Frontiers in Neural Circuits 05/2014; 8(62). DOI:10.3389/fncir.2014.00062 · 3.60 Impact Factor
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    • "The Authors regulation is known to be agonist specific, so that regulatory events recruited by morphine differ from those induced by other opioids (Burford et al., 1998; McPherson et al., 2010). In particular , it was recently shown that morphine promotes interaction of OPRM1 only with b-arrestin2 and not b-arrestin1 (Groer et al., 2007, 2011; Li et al., 2009) and that this interaction is sufficient to induce OPRM1 internalization, but not receptor ubiquitination and subsequent degradation (Groer et al., 2011). To check whether these features of OPRM1 regulation can account for the observed suppression of TRPM8 current by morphine, we examined the possibility of direct interaction between the two proteins and their plasmalemmal trafficking. "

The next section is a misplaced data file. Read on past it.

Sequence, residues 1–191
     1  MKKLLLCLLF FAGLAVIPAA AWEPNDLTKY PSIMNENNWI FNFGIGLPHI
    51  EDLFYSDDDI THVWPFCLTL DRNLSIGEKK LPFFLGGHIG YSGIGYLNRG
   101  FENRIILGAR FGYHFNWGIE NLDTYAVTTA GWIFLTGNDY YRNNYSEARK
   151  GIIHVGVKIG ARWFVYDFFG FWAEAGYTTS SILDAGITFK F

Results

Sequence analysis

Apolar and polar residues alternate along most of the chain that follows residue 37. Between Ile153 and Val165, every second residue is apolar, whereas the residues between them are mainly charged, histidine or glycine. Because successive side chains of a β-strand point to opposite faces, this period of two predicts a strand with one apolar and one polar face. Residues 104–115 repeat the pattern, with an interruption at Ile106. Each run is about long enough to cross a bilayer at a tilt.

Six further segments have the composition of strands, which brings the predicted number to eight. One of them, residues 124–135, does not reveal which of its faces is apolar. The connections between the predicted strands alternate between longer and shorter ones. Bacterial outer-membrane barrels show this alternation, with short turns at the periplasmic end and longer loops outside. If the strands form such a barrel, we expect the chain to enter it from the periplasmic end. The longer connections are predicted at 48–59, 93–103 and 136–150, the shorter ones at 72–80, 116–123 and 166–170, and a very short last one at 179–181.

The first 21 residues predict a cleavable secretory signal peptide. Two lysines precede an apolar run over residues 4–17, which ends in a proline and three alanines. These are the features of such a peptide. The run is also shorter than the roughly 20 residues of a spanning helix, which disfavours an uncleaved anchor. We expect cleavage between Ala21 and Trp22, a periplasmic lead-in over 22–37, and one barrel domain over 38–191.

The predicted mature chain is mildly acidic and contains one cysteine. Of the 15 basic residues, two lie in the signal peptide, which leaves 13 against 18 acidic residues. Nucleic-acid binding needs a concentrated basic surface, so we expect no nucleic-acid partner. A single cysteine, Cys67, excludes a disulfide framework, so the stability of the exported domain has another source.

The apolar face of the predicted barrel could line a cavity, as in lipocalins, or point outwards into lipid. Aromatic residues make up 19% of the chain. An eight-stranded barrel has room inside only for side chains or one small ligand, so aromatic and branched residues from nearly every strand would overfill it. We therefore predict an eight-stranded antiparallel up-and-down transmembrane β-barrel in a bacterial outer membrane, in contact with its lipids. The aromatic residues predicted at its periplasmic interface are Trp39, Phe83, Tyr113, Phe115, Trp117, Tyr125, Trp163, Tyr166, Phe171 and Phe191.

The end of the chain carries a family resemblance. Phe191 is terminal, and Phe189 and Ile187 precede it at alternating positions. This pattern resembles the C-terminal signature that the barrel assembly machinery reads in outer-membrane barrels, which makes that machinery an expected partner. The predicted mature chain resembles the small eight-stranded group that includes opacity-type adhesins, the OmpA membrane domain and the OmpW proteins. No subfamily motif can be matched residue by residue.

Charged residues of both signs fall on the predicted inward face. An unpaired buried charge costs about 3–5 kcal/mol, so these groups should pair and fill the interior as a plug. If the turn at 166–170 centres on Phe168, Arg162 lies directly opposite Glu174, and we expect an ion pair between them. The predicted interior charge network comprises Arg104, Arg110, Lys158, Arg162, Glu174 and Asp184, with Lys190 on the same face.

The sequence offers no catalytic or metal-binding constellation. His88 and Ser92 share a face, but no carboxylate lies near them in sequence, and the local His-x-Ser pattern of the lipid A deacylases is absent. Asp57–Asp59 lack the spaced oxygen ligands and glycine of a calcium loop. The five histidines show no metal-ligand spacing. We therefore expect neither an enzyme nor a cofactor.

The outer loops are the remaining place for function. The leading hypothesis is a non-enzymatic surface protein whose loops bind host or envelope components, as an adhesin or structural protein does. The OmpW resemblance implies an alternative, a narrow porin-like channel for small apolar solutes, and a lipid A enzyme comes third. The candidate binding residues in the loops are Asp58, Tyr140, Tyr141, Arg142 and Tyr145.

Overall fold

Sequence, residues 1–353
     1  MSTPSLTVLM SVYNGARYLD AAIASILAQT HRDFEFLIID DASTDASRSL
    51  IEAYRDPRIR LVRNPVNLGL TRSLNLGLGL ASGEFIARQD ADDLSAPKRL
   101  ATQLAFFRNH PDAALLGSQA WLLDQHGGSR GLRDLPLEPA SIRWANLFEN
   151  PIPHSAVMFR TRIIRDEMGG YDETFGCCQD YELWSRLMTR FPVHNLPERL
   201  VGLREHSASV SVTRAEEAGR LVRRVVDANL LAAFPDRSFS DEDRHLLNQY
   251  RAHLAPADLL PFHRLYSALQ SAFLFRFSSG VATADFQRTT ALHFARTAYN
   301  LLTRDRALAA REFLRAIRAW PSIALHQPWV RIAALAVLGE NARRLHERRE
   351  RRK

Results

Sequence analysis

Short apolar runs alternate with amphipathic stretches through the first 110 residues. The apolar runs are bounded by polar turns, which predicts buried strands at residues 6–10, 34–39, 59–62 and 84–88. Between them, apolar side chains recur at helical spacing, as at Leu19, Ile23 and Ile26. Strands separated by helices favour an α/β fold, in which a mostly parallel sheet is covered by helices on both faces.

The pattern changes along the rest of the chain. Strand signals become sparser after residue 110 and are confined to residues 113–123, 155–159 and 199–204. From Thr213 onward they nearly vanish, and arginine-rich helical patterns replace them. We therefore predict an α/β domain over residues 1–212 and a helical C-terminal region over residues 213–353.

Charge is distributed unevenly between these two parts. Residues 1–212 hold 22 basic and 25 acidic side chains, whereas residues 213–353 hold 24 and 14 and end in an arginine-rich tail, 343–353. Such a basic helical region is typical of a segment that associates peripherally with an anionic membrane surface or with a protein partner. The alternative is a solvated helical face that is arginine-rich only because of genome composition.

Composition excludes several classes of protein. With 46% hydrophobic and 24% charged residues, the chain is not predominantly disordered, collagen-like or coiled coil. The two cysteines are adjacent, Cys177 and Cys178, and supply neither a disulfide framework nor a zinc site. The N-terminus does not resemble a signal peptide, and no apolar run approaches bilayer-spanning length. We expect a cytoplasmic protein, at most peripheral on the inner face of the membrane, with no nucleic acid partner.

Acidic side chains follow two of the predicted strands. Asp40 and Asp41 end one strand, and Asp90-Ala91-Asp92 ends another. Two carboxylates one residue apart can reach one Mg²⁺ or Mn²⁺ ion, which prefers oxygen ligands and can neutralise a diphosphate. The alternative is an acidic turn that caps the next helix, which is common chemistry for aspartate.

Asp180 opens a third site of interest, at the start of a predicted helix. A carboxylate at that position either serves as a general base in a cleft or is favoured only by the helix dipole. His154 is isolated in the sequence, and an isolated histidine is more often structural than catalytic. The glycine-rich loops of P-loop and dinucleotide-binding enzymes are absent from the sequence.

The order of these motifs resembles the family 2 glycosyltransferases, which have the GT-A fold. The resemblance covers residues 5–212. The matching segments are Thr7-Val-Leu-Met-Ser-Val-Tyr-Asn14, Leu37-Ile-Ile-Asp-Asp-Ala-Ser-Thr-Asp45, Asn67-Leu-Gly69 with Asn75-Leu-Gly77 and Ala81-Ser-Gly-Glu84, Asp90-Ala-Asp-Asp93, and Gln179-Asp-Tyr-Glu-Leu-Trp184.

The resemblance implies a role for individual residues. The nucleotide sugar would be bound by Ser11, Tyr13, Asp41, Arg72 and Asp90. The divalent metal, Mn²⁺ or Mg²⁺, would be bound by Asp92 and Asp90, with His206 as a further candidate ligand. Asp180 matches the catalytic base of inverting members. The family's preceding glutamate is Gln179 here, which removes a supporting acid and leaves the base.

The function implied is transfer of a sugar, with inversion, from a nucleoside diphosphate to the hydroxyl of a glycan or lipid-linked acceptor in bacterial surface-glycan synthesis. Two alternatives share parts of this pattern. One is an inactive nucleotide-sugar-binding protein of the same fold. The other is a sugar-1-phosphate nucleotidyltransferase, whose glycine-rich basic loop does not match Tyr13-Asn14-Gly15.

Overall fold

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    ABSTRACT: Stimulation of μ-opioid receptors (OPRMs) brings powerful pain relief, but it also leads to the development of tolerance and addiction. Ensuing withdrawal in abstinent patients manifests itself with severe symptoms, including cold hyperalgesia, often preventing addicted patients from successfully completing the rehabilitation. Unsurprisingly, OPRMs have been a central point of many studies. Nonetheless, a satisfactory understanding of the pathways leading to distorted sensory responses during opiate administration and abstinence is far from complete. Here, we present a mechanism that leads to modulation by OPRMs of one of the sensory responses, thermosensation. Activation of OPRM1 leads to internalization of a cold-sensor TRPM8, which can be reversed by a follow-up treatment with the inverse OPRM agonist naloxone. Knockout of TRPM8 protein leads to a decrease in morphine-induced cold analgesia. The proposed pathway represents a universal mechanism that is probably shared by regulatory pathways modulating general pain sensation in response to opioid treatment.
    Cell Reports 07/2013; 579(3). DOI:10.1016/j.celrep.2013.07.002 · 8.36 Impact Factor